Linked by Thom Holwerda on Sat 15th Sep 2007 19:57 UTC, submitted by Bobthearch
Hardware, Embedded Systems The vaunted 'USD 100 laptop' that Massachusetts Institute of Technology researchers dreamed up for international schoolchildren is becoming a slightly more distant concept. The USD 100 laptop has many innovative features including a pull cord for recharging by hand. Leaders of the nonprofit One Laptop Per Child that was spun out of MIT acknowledged Friday that the devices are now slated to cost USD 188 when mass production begins this fall. The last price the nonprofit announced was USD 176; it described USD 100 as a long-term goal.
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RE: It doesn't matter....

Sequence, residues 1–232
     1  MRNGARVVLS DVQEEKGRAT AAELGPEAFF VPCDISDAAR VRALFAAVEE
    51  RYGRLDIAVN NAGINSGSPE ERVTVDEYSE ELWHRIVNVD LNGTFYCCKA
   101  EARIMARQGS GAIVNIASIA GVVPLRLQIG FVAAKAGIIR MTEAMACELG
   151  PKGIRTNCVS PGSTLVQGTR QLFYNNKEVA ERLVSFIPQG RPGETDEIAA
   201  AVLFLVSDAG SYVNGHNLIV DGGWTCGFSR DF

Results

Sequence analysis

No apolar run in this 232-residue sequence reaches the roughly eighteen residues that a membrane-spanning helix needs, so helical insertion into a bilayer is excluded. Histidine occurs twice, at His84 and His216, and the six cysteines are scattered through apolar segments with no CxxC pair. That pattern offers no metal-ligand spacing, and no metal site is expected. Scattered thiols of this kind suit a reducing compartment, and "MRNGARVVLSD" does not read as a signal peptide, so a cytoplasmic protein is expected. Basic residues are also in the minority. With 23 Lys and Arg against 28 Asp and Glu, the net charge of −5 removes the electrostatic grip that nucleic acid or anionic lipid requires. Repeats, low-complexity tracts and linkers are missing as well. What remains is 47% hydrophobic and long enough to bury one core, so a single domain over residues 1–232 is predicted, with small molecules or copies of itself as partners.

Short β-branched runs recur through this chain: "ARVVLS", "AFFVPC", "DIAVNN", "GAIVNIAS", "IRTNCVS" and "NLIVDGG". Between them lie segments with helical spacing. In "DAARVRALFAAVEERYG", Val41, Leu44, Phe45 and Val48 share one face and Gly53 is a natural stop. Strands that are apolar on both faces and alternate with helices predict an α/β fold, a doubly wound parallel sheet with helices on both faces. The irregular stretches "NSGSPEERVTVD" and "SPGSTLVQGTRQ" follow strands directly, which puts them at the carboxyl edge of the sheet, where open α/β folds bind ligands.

by sbergman27 on Sun 16th Sep 2007 01:49 UTC in reply to "It doesn't matter...."
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Like schoolkids should have laptops anyway. The ubiquitous cell phone is bad enough,


I would agree if we were talking about 1st world kids and 1st world schools. If I could round up every cell phone in the U.S. and have them all melted down and recycled into something *useful* I would do it.

But the XO is not a luxury item. It is a lifeline. It is a more cost-effective way to get *books* to the children who need them. It has other benefits as well. But primarily it is a *substitute* for resources which their schools could otherwise not afford.

Paper books are expensive to produce. PDF's are cheap.

$188 would buy you about 3 paper textbooks here in the U.S.

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